Myanmar sectarian violence spills across Malaysian border


A Muslim woman collects pieces of metal from the rubble of Muslim quarter of Pa Rein village in Myauk Oo township, which was burned in recent violence between Buddhist Rakhines and Muslim Rohingyas on October 29, 2012 in Rakhine state, Myanmar.


Kaung Htet

Sectarian violence in Myanmar (formerly Burma) may have spilled over into Malaysia, with four killings in recent days suspected to be linked to tensions between Muslims and Buddhists.

The victims were all Buddhists and all from Myanmar, according to police. One of them was slashed to death by machete-wielding attackers at a Kuala Lumpur car wash. The 20-year-old man was sleeping when he was attacked by 10 people, local media reported.

The bloodshed has prompted a strong response in Malaysia, which is known for its authoritarian leanings. As many as 1,000 Myanmar nationals have been rounded up by Malaysian police in recent days. As Kuala Lumpur's police chief, Amar Singh Ishar Singh, told Myanmar's state news agency Bernama, "These incidents are believed to have been linked to the racial problems in Myanmar."

He warned those from Myanmar residing in Malaysia against disturbing national security. A Reuters estimate puts the Myanmar population in Malaysia at around 400,000.

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Myanmar's religious violence has gone international at least once before: in April, a clash between Buddhists and Muslims originally from Myanmar, but held in an Indonesian prison, left eight Buddhists dead and more than 20 injured.

These killings mirror raging religious strife in Myanmar, which has seen anti-Muslim mobs torching entire Muslim neighborhoods and displacing residents into muddy fields. The most intense violence has exploded in Rakhine state near the Bangladesh border region, which is home to a stateless Muslim minority known as the Rohingya.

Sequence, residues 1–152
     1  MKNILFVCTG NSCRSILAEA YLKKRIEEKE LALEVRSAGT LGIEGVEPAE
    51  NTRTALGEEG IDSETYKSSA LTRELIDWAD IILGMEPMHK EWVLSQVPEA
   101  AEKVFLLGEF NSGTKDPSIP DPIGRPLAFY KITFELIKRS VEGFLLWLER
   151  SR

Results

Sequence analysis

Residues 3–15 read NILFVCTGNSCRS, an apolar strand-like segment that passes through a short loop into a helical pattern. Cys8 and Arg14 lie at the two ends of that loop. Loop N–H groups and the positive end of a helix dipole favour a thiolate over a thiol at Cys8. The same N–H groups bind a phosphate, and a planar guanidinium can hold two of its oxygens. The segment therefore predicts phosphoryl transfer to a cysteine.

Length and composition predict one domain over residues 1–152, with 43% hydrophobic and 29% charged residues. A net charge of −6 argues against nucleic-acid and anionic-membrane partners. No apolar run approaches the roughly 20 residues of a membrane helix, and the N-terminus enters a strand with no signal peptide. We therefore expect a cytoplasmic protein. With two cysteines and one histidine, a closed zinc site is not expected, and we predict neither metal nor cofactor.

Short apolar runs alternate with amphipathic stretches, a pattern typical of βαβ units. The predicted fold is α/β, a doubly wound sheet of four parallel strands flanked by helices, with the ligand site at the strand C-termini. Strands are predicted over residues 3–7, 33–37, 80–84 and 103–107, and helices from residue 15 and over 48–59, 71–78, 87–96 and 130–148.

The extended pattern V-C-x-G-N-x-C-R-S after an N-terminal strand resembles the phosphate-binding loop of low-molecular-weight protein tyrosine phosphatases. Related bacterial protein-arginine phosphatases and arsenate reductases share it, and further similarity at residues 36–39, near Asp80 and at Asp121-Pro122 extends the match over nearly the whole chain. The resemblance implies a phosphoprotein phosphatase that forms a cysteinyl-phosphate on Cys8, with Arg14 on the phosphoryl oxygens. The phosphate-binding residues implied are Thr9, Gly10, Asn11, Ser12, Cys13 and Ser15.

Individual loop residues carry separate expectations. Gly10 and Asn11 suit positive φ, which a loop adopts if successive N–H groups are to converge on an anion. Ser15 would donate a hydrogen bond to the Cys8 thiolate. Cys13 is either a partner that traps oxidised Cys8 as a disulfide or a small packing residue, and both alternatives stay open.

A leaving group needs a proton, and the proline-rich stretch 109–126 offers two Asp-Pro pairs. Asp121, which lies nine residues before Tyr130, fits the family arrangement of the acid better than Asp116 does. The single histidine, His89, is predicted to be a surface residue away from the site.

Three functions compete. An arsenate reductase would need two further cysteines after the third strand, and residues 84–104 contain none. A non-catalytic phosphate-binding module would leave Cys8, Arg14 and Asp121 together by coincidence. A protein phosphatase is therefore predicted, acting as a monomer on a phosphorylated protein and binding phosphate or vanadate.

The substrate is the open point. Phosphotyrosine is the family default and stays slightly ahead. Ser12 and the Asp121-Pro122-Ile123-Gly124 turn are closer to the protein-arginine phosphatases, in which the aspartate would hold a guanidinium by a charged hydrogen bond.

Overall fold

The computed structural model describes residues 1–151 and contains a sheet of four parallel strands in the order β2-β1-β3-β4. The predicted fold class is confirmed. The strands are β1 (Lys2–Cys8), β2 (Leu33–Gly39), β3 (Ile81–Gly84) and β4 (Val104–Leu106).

The violence there has been tamed in part by army-enforced segregation but the killings are ongoing. Three Rohingya women, one of them pregnant, were shot dead Wednesday by security forces during a scuffle attributed to families refusing to leave their longtime neighborhoods for makeshift shelters. 

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In May, Rakhine state authorities issued a directive forbidding Rohingya couples in two predominately Muslim townships to have more than two children. Despite the United Nations calling the policy discriminatory and a violation of human rights, residents have called for the ban to be maintained and even extended throughout the entire state. 

On Wednesday a crowd of almost 1,000 people gathered in Sittwe, the state capital, in defense of the two-child limit. "Rakhine state is close to Bangladesh, so that we need to have something to keep their population in check," one demonstrator told The Irrawaddy

Opposition leader Aung San Suu Kyi, who confirmed Thursday that she intends to run for president in Myanmar's 2015 election, has called the two-child policy "illegal" and "not in accordance with human rights."

Patrick Winn contributed to this report from Bangkok, Thailand.